The resident faculty left a call to action – “Let Us to Matoes!” – outside the mail room this morning. We can’t afford a trip to Brazil, so we hope it was a clue. (More)

First our thanks to last week’s writers….

On Monday, you shared your stories of offline political activism in Things We Did This Week, addisnana proposed that We Could Be Talking About…. in Midday Matinee, and winterbanyan found Disagreement About Climate Change? in Our Earth.

On Tuesday, we discussed Better Health for Seniors: the Affordable Care Act’s Comprehensive Primary Care Initiative in Morning Feature and readers helped tell Tuesday’s Tale: The Buffoons in Midday Matinee.

On Wednesday, we shared ScandalFest 2013 Continues: Your Freedom to Get Scammed in Morning Feature and addisnana documented Prissy’s Sunbeam Campaign in Midday Matinee.

On Thursday, we debunked Joe Klein, Leadership, and Mythinformation in Morning Feature and triciawyse brought us Fursdai Furries in Midday Matinee.

On Friday, we explored The Affordable Care Act and Fred in Morning Feature and triciawyse shared Frieday Critters in Midday Matinee.

On the weekend, we pondered Updating Our Constitution in Saturday’s Morning Feature, Ms. Crissie was asked Never Fully Committed? in Sunday’s Morning Feature, and winterbanyan brought our weekly Eco News Roundup in Our Earth.

Note: Please share your stories of offline political activism in Things We Did This Week.

Thus we return to the resident faculty’s call to action, left outside the mail room as they made their way from the wine cellar library where they spent the weekend drinking thinking on our motto of Magis vinum, magis verum (“More wine, more truth”) to the hot tub faculty lounge for their weekly game where the underwear goes flying planning conference.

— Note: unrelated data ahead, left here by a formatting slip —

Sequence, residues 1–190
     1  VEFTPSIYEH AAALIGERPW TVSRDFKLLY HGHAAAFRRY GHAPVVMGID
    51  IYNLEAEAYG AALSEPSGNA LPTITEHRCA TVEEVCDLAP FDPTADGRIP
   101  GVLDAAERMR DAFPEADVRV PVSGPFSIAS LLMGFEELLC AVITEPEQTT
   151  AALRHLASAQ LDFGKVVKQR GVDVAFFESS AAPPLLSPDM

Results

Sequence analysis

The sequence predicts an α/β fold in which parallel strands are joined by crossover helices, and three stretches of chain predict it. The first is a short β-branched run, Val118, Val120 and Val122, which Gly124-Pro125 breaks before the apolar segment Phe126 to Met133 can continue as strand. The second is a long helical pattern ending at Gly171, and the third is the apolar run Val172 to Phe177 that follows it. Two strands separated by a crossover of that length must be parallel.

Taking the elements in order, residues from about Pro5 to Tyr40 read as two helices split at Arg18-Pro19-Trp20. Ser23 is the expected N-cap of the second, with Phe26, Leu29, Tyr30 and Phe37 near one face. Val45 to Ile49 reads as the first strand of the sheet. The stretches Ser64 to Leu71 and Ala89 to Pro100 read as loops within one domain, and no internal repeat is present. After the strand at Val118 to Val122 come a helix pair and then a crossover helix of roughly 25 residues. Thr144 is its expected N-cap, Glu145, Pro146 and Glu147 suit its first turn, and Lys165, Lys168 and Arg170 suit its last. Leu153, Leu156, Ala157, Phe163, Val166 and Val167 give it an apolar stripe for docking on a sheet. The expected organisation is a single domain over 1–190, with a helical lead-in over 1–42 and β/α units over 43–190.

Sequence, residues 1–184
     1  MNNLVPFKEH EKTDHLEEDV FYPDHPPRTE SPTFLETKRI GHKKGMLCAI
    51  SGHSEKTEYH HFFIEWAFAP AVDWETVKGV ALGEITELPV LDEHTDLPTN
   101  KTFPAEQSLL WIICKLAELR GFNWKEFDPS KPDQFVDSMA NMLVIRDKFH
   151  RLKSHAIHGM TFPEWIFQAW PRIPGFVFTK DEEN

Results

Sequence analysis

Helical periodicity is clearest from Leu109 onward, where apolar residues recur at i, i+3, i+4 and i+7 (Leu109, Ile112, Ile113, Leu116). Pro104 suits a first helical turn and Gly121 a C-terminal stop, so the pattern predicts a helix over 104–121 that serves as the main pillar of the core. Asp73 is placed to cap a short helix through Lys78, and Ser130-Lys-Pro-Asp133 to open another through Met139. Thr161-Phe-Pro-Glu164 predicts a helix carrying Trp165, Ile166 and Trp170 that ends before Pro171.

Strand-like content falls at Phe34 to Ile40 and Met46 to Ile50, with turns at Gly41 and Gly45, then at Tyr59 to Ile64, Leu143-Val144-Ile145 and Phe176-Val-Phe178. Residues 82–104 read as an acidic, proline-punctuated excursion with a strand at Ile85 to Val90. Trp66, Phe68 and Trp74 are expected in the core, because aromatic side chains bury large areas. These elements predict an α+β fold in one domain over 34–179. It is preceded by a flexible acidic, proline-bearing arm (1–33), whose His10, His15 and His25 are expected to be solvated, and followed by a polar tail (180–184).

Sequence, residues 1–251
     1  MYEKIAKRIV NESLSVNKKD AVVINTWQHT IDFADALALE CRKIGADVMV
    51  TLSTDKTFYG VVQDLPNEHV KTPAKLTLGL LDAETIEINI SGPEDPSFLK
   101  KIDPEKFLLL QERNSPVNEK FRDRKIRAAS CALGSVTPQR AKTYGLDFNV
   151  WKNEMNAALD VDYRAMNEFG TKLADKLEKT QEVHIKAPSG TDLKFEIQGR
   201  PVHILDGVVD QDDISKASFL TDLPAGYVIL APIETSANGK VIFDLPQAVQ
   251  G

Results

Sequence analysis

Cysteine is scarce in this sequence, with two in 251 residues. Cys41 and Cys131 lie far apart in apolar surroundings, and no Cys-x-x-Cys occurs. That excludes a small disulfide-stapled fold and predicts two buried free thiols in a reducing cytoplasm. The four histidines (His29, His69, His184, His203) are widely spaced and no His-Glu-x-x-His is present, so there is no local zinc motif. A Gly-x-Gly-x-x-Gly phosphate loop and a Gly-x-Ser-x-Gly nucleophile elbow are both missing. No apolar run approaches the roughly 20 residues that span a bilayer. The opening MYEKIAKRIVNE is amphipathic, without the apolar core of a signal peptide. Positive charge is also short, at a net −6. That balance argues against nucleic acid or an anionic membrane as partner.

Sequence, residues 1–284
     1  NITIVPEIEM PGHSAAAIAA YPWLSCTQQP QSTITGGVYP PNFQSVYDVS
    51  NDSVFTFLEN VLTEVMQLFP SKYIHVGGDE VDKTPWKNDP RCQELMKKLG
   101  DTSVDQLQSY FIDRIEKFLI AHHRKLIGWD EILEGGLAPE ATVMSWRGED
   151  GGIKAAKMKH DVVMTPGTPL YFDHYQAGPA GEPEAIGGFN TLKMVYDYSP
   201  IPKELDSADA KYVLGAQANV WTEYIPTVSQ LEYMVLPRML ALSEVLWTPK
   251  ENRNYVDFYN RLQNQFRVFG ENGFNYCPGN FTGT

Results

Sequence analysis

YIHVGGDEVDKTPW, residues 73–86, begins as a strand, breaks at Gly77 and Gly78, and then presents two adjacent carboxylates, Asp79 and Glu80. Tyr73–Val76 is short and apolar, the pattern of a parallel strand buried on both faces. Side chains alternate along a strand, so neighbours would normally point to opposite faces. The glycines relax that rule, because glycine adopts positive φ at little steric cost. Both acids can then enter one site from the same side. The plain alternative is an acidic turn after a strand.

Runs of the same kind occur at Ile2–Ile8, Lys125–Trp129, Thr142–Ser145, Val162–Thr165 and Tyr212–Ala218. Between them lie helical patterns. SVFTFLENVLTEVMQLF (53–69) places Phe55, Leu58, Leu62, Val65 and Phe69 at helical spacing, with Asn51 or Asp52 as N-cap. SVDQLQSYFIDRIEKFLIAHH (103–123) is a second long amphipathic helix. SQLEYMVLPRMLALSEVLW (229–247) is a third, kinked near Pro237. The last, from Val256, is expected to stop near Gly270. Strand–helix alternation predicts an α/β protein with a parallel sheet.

The resident faculty’s note read “Let Us to Matoes!” which left the staff somewhat puzzled. After a visit to the kitchen …

 photo SquirrelPecanRing.jpeg

… the Squirrel got busy on his Blewberry and found that “Let us” is a common phrase in calls to action, although adding the preposition “to” is less common. There is a hymn titled “Come, Let Us to the Lord our God” and a book titled Come, Let Us to Billiards Away, but neither mentions the city in Brazil. While Matos and Mattos are reasonably common surnames, especially in Brazil, none are spelled Matoes. And there’s a salon and day spa named Matéos in Colorado, but the resident faculty are usually more careful about spelling. Besides, the Faculty Senate would never approve trip to Colorado, let alone Brazil.

“I’m stumped,” the Squirrel finally texted.

Chef chuckled. “Just read it out loud.”

The Squirrel chittered and then tapped his Blewberry. “Umm, that didn’t help.”

“It does if you speak human English,” Chef replied.

The Professor of Astrology Janitor tried. “Lettuce tomatoes? Oh. You mean a news salad?”

“I don’t,” Chef said. “But the resident faculty probably do, so I’m dressing for the occasion.”

“Cuke,” the Squirrel texted. “Very cuke.”


Happy Monday!